Who is Most at Risk for Parental Alienation?
Parental alienation is one of the most difficult situations for parents and attorneys to navigate in family court. Understanding alienation, and the underlying risks and causes, makes us all better equipped to address alienation and prevent the fallout for parents and children.
The parents and children most at risk of alienation depends most of the personality and dynamics between the parents.
Children with at least one parent suffering from a personality disorder, such as extreme narcissism, borderline personality disorder, and antisocial personality disorder are most at risk for parental alienation.
Mentally healthy parents do not engage in parental alienation
Often, the alienating parent’s mental illness has not been diagnosed. Many times until a traumatic triggering event such as a divorce, breakup, or custody dispute, the alienating parent may have no noticeable signs of mental illness. Other times, symptoms of a personality disorder have been looming for years.
The most common personality disorders that lend themselves to parental alienation are narcissistic personality disorder, sociopaths, borderline personality disorder, and antisocial disorder. While children can still be alienated by parents without a personality disorder, the risk is high for those that have the traits associated with the personality disorders listed. Each presents with its own pattern, warning signs, and methodology of alienation and since we know personality disorders are along a spectrum, it benefits you to be aware of the disorders and their characteristics when determining if you or your child is at risk of parental alienation.
Narcissistic Personality Disorder
Children with a narcissist parent are likely to endure parental alienation because narcissists are self-absorbed, have a need for control, do not value differing opinions or viewpoints from those of the narcissist, and tent to use children as pawns when interacting with a former spouse.
The narcissist has been embarrassed and victimized in their divorce or separation and is desperate to regain their status in society and for vindication. One way they may seek to achieve that is by having children, and others, reject the other parent.
Sociopaths are also more likely to engage in parental alienation because they lack a moral conscience. Like the narcissist, the sociopath lacks empathy for others and has difficulty with understanding the concepts of the truth and lying in the way others do. These parents, like narcissists, truly believe they are right or justified in their indefensible behavior. They lack empathy and may make impulsive decisions without regard for the consequences to outcomes or feelings.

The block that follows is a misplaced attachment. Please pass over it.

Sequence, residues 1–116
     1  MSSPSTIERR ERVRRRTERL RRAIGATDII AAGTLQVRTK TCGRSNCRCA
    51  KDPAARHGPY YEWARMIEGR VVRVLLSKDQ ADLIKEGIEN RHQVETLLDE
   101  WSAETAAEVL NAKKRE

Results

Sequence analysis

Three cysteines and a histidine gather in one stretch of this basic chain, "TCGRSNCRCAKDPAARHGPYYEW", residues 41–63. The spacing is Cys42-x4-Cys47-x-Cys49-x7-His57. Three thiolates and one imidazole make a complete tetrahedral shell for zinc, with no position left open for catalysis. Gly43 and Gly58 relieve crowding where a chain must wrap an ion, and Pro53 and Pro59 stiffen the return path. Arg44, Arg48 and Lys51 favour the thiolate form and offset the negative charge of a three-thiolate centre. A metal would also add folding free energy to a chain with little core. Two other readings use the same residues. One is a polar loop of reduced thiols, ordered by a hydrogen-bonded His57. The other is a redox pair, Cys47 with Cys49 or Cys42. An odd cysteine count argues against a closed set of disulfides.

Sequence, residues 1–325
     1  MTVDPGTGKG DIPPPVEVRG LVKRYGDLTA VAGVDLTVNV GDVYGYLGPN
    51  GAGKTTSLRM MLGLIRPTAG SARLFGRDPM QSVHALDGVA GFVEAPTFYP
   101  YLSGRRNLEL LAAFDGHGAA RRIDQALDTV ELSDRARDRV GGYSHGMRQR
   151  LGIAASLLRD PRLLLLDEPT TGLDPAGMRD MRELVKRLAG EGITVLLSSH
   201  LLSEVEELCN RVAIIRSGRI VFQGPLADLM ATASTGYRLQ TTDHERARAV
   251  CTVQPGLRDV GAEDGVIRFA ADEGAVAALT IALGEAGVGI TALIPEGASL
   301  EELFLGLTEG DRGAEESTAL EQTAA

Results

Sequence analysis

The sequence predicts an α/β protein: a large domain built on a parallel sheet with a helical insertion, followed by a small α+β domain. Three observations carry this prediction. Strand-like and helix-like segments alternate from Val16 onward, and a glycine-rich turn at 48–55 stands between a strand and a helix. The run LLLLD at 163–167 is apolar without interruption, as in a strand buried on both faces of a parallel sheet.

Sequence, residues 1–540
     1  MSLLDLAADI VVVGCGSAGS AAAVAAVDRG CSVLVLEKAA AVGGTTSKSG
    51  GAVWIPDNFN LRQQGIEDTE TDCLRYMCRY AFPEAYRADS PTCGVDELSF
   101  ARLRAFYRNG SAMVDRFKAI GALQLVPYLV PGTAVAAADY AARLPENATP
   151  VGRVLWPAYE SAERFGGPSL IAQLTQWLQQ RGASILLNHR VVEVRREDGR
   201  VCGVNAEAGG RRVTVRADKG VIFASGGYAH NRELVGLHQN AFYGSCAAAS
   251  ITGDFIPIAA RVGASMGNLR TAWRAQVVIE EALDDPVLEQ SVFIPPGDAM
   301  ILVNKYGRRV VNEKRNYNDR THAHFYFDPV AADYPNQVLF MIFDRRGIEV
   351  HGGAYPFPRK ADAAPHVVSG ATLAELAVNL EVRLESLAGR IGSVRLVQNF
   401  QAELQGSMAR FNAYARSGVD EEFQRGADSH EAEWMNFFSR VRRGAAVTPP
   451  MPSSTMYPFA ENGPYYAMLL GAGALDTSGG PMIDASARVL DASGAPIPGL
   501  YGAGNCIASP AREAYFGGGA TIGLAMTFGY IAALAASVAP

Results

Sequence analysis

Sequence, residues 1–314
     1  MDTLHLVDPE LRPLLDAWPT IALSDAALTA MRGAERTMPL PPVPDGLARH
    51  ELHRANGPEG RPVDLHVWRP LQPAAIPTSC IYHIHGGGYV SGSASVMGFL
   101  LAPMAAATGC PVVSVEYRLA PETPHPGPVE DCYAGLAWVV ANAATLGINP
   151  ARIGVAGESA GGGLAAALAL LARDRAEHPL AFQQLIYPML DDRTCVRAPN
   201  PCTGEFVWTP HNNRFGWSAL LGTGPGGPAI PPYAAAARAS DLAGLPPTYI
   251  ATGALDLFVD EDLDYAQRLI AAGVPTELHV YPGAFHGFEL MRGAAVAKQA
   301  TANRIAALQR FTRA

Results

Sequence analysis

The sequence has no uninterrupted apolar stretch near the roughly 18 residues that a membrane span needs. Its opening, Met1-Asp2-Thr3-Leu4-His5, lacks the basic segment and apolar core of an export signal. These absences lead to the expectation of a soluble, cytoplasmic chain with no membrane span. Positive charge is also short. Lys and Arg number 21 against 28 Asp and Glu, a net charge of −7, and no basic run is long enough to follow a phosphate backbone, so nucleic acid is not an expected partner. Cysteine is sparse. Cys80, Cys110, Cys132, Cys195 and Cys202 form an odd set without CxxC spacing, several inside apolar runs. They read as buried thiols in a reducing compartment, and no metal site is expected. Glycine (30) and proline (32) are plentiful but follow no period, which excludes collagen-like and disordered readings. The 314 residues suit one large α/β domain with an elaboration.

They may understand theoretically that trash talking the other parent is bad for the kids, but it feels so good in the moment that they don’t care. They do not have the desire or self-control to protect their children from alienating behavior.
Borderline Personality Disorder
Borderline personality disorder results in emotionally reactive parents. The parent is in a state of heightened emotional arousal and his or her feelings and emotions are extremely intense. Children are emotional creatures and cannot rationalize the feelings or behaviors of the parent and can easily be sucked into the parents’ world and view point.
The excessively intense emotions a parent with borderline personality disorder experiences are often expressed as anger. A parent with borderline personality disorder will often find it difficult to self-sooth, resulting in the parent experiencing prolonged distress without the ability to emotionally recover after feelings of frustration or disappointment. Divorce and separation is fraught with disappointment and frustration, making this situation extremely difficult on the parent with borderline personality disorder, and increasing the chances a child will be alienated. Many parents with borderline personality disorder may develop a victim-like self-image causing the parent to blame others for whatever goes wrong. This feeling of victimization allows the parent to justify victimizing of the other parent.
Some parents with borderline personality disorder refuse to separate from their children. They may follow a parent on vacation out of state. They may show up where you and your children are shopping in public. They may use a child’s location to observe where they are at all times, or text a child constantly during your parenting time. They are disruptive and will not allow you to form your own relationship with your children.
Antisocial Personality Disorder
Parents who suffers from antisocial personality disorder are chronic and practiced liars. These alienating parents carry out actions against the children that are harmful without feeling guilt. They may be physically or psychologically abusive to their children and are without remorse. These parents lie, cheat, steal, and physically harm anyone in their way. They may have criminal records and a long history of disaster they have left behind them. Not all parents with antisocial disorder are violent. These parents may fabricate claims of abuse by the other parent. They may come up with elaborate stories and claims of violence and terror by the other parent. They may be absent as a parent or want to erase the existence of the other parent and have complete control over the children.
It is very hard for a child to grow up with a parent who is a sociopath or antisocial personality disorder. Your child may be in survival mode. They have to manage the unpredictable and harsh treatment they receive from their parents and may succumb to alienation as a survival tool.